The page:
Mass. Life Sciences Center awarded the University of Massachusetts-Boston and the Dana-Farber/Harvard Cancer Center a $2 million grant for their efforts to jointly develop personalized cancer treatments.
The organizations will conduct their research at the Center for Personalized Cancer Therapy, slated to open this winter at UMass-Boston.
The goal is to develop cost-effective tests for diagnosing different sub-types of all common cancers with antibody-based assays, with an eye toward eventual commercialization. One of the center’s main aims is to address the racial, ethnic and socioeconomic disparities in cancer incidence, morbidity and mortality, according to the MLSC.
"We thank the board of directors of the Mass. Life Sciences Center for this important support for the Dana-Farber/Harvard Cancer Center–UMass-Boston partnership and in the fight against disparities in cancer treatment and outcomes," UMass-Boston chancellor J. Keith Motley said in prepared remarks.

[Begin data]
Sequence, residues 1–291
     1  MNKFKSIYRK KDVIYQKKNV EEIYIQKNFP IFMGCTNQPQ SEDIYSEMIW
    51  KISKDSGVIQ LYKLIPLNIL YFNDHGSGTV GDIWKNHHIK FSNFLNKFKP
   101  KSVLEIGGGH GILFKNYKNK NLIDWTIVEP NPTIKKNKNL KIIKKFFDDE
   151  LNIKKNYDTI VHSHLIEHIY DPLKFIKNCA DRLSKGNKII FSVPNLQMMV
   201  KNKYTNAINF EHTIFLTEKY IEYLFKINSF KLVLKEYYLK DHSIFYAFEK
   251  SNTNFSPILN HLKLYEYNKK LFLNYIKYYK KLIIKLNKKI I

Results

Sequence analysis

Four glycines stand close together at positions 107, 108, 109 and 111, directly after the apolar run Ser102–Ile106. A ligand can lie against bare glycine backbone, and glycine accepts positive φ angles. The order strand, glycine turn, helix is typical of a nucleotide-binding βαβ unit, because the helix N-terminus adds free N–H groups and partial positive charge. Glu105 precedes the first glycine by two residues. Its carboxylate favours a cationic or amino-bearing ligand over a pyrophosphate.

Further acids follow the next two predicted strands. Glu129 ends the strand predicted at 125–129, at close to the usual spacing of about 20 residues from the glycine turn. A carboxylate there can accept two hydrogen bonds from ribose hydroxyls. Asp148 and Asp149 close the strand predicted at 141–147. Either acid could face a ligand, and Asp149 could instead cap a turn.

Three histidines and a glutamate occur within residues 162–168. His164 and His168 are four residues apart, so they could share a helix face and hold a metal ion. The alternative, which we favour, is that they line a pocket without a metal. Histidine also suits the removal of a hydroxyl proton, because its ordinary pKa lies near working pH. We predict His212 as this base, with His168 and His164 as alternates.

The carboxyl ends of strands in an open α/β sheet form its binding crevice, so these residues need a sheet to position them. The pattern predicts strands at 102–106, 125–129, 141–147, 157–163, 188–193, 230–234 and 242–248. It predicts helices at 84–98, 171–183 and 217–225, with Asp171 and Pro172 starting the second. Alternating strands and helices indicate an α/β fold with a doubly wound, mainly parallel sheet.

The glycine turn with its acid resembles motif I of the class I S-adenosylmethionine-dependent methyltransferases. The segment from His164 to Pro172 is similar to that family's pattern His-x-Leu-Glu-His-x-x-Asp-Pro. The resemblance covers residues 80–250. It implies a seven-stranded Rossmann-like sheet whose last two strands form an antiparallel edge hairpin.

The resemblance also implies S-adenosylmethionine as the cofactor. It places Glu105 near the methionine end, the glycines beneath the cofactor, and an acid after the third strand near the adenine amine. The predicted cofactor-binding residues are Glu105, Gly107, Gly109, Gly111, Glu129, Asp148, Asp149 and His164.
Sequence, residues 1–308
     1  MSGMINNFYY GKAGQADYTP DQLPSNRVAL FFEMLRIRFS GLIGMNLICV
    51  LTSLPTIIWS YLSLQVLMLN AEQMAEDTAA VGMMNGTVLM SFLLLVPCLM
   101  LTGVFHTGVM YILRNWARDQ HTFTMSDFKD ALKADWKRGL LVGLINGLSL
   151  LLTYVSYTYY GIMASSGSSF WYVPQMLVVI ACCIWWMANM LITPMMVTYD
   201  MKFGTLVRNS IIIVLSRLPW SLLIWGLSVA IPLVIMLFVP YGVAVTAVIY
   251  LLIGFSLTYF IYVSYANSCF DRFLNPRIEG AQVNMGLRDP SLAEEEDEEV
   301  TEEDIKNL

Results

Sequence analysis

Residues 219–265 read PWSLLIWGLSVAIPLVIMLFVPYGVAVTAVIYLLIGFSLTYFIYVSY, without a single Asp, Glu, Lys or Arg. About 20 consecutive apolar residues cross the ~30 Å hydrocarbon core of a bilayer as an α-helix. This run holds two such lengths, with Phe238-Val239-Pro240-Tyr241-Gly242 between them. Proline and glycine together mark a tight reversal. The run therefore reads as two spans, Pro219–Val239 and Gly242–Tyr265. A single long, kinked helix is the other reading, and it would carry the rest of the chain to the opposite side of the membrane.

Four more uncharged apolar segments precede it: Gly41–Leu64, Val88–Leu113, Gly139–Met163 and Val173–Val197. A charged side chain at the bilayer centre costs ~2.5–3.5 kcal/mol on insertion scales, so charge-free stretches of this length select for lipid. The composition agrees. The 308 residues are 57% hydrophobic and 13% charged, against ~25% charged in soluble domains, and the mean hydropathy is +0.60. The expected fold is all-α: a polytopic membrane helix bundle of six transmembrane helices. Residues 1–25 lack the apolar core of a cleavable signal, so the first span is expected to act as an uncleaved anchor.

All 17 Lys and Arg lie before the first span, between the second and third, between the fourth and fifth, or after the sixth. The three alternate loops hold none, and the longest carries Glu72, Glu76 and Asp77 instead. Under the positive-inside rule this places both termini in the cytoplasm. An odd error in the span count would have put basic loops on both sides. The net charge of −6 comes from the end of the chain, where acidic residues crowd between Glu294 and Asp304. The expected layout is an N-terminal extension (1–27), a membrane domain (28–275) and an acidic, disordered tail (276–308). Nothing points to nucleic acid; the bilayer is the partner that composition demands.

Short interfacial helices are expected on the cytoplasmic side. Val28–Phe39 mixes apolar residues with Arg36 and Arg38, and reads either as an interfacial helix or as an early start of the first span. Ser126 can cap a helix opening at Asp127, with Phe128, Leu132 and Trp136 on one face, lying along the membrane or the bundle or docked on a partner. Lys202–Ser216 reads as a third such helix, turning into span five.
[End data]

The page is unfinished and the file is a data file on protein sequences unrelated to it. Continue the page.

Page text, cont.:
"The new center will help us address our community’s needs for justice in accessing cutting-edge cancer treatment," Motley said.
"If there is one thing that we’ve learned about cancer during the past quarter century, it is that cancer is not one disease but instead hundreds, and each cancer is often unique to each patient," added Dana-Farber president Dr. Edward Benz Jr.
The MLSC grant will supplement $18 million in previously committed federal funding for the project. Construction of a permanent home for the CPCT at UMass-Boston’s Integrated Sciences Complex is slated to begin this spring, with an anticipated opening in fall 2013, according to the MLSC.
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